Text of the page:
mercredi 9 novembre 2011

William Lane Craig - Reasonable Faith U.K Tour 2011

The year was 2003 and i was struggling with some form of skepticism. I then tried to figure out some answers by perusing the web, that's when i found a series of written debates - transcripts - between an eminent Christian philosopher and a prolific Atheist philosopher - namely Dr. William Lane Craig and Dr. Quentin Smith respectively. The discussion was a bit high level for me to follow with any degree of mental ease, but i could nevertheless notice that the Christian Philosopher - Dr. William Lane Craig was making more sense to me. Forward few years in the future, Dr. Craig became a household name in my apologetic learning. I was even honored to have received from him a free copy of his Textbook on apologetic for a review - Reasonable Faith 3rd edition in 2008.

Early this year, Dr. Craig had announced an apologetic tour in UK. The event was extremely publicized, especially given that he would have cross sword metaphorically with high profile atheists at academic settings. Today, i am here to report that the Reasonable Faith U.K Tour have been successful. God has heard our prayers. Dr. Craig has been sustained by the Lord once again as he went from place to place defending the Glorious Hope that is within him. In his November newsletter he gave quite an extensive detail of what happened in his trip to U.K. I am going to share with you only one of those amazing events where divine provision did not disappoint.

Thursday, was the second debate of the tour and a very unusual one! This was a British parliamentary style debate at the Cambridge Union Society, the oldest debating society in the world. I was partnered with Peter S. Williams, a very capable British apologist who works for the Damaris Trust. Our opponents were Andrew Copson, whom I mentioned previously, and Arif Ahmed, a philosopher at Cambridge University whom I had debated on a previous trip to the U.K. Peter and I were “the House,” and Copson and Ahmed were “the Opposition.” The proposition for debate was “This House believes that God is not a Delusion.” In a parliamentary style debate, people in the chamber can shout out, “Point of order!” during your speech, and you are expected to recognize at least some of them and answer their objections. Peter and Copson were to open the debate with 15 minute speeches. After that anyone in the audience can get up and speak either for or against the proposition. Finally, I and Ahmed would present the closing arguments for each side.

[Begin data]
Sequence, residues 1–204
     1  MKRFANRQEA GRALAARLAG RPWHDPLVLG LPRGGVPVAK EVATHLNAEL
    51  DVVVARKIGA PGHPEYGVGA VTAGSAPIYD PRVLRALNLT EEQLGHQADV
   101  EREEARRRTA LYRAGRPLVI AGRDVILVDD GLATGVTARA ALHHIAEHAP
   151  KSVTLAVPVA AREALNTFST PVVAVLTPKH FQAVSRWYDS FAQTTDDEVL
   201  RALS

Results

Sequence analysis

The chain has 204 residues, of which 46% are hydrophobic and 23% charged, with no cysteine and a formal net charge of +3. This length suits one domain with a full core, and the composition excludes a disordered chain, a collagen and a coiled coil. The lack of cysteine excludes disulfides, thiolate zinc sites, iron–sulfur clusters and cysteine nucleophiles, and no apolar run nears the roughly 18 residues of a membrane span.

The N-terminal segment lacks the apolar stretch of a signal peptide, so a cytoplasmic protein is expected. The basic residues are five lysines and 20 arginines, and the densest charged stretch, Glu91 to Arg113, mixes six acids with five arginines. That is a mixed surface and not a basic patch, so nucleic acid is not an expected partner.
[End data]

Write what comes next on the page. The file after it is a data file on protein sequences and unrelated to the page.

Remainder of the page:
During the afternoon we visited the chamber to get a feel of the setting. It was pretty awe-inspiring. The chamber was divided in two halves, with maroon leather benches facing each other along a central aisle and rising toward the walls. At one end of the central aisle was a raised dais where the President of the Society sat and in front of him a desk with two lecterns where the secretary of the Society was seated. At the other end of the aisle were two doorways marked “AYES” and “NOES,” along with a central, unmarked doorway. Students registered their votes by exiting the chamber through the appropriate doorway, the unmarked door being for abstentions.

Seeing this situation, I realized that Peter and I were really up against it. The format gave opportunity for anyone to get up and speak, no matter how uninformed, and we would have little chance to respond. One could expect the atheist students to be vocal and aggressive, and the Christian students to sit on their hands and say nothing. Our opponents would have the last word and would probably wait until their closing speech to address our arguments. I said to Peter, “We’ve got to expect to lose the vote, so don’t be discouraged by it. We’ve got to just do our best in addressing the arguments and let the chips fall where they may.” Well, that night things began to unfold just as I expected. Peter gave a fine opening speech. Copson then followed with a speech which, though thin on substance and largely unresponsive to Peter’s arguments, was emotionally engaging, funny, and winsome. His speech was punctuated numerous times by applause. The open debate from the floor which followed was disastrous, a dreadful display of ignorance and hostility. One student, for example, refuted Peter’s ontological argument by observing that if the argument were correct, then it would prove the existence of the stupidest conceivable being. Another raised the old chestnut, “If God created everything, then what created God?,” which was followed by great applause, as though he had actually said something significant. You could just feel the emotional tide turning against us.